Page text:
Levites in Josephus - Fontes
: “of the simple people,” “of common folk,” “of the rabble”) (Ant. 5.136). 8 This is in contrast to Elkanah, the father of the prophet Samuel, who is described as coming from the middle ranks of the Levites (Ant. 5.342). We may note that there was a considerable rivalry between the priests and the Levites; and Josephus, as a priest, tends to lower the stature of the Levites. In his rewriting of the Bible, Josephus, as a priest, was particularly sensitive to the attempt of the Levites to attain the status of the priests. Apparently, this was an issue that was very much alive in Josephus’ day. Josephus, as noted by Professor Begg, may well be thinking of the incident, during the procuratorship of Albinus (62-64 C.E.), in which those Levites who were singers of hymns succeeded in persuading King Agrippa II to convene the Sanhedrin and to grant them permission to wear linen robes on equal terms with the priests (Ant. 20.216-18). This, says Josephus, was contrary to the ancestral laws, and he ominously declares that such transgression was bound to make the Jews liable to punishment, presumably by G-d himself (Ant. 20.218). 9 Nevertheless, the quarrel between the priests and the Levites is, so to speak, a family quarrel; and Josephus could not afford to allow his confederates in the Temple service to be degraded to such a low level as would appear to be the case from the Hebrew text of Judges 19:1. It is true that Moses is described by the same epithet, (Ant. 3.212) that is used of the Levite in our narrative. But it is clear that Moses is hardly a commoner. Rather, he is dressed like any ordinary person in order to appear no different from the crowd. Indeed, when Solomon’s friends advise the new king, Rehoboam, Solomon’s son, to speak to the people in a more popular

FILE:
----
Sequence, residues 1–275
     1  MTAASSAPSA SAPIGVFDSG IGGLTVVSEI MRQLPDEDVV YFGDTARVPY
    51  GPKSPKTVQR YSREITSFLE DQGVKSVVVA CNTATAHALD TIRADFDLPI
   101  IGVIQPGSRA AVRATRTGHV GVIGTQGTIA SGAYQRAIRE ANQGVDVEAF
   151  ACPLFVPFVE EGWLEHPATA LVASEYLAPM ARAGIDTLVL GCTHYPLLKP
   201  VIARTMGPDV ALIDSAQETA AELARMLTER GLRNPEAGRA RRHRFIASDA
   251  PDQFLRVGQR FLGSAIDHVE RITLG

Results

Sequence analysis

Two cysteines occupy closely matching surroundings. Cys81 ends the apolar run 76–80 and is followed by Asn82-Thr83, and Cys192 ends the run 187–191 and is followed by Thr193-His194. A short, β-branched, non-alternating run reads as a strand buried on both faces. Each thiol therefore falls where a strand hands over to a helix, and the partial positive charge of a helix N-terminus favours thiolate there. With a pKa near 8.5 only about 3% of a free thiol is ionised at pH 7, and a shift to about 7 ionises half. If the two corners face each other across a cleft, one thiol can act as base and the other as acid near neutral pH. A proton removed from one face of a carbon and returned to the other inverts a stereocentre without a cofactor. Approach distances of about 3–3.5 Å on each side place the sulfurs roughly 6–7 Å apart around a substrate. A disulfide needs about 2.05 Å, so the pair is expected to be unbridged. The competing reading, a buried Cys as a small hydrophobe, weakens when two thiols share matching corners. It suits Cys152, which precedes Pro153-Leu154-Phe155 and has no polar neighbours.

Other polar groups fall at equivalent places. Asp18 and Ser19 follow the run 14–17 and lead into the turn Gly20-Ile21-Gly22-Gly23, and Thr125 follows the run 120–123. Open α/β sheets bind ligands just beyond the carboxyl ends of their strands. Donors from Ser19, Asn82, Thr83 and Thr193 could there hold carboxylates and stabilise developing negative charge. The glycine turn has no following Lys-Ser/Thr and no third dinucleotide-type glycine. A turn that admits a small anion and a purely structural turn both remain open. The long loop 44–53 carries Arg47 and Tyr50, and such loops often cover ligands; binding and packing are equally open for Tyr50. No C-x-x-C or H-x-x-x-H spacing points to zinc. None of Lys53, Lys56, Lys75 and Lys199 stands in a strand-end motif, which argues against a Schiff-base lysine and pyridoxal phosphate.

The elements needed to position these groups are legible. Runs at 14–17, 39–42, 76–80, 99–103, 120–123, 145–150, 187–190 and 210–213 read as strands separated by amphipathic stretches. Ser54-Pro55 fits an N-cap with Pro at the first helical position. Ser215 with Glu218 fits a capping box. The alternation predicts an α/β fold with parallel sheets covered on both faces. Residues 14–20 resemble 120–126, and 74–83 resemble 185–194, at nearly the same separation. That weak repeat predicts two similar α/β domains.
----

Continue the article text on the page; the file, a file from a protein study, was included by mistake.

style ( ) than was usual for the royal dignity, this is merely practical advice because they realize that subjects naturally like affability in their kings and wish to be treated almost as equals; and it is consequently wise to give this impression. It is true that the Pharisees, with whom Josephus was identified politically (Life12), in contrast to the Sadducees (Ant. 13.298), had the support of the masses; but, as Mason notes, Josephus laments the fame and popularity of the Pharisees (War 1.110-12, 2.162; Ant. 13.400-4; 18.17; Life 191-94). 10 That the word may have a pejorative connotation may be seen from the passage in which Josephus describes how, after the capture of Jerusalem by Pompey, the royal power that had formerly been bestowed upon those who were high priests now became the privilege of commoners ( ) (Ant. 14.77-78). A similar pejorative connotation may be seen in the statement that when the Hasmoneans lost their royal power it passed to Herod, who came from a house of common people ( ) (Ant. 14.491). If the Levite in the narrative emerges as a loyal and kindly husband who cannot bear the degradation brought upon his wife, this does not cast a better light upon him as a Levite but rather contributes to the romantic motif that Josephus stresses in the story. Whereas in the Bible he hands over his wife to the mob (Judg. 19:25), in Josephus it is they who seize her by force (Ant. 5.146); but this is Josephus’ way of increasing the drama rather than an attempt to raise the reputation of the Levite as a Levite. Alternatively, we may suggest that Josephus is eager to protect the Levites from dishonor, and that he therefore stresses that this man was a commoner, of the lower ranks and consequently not the sort of Levite who would be of near priestly status.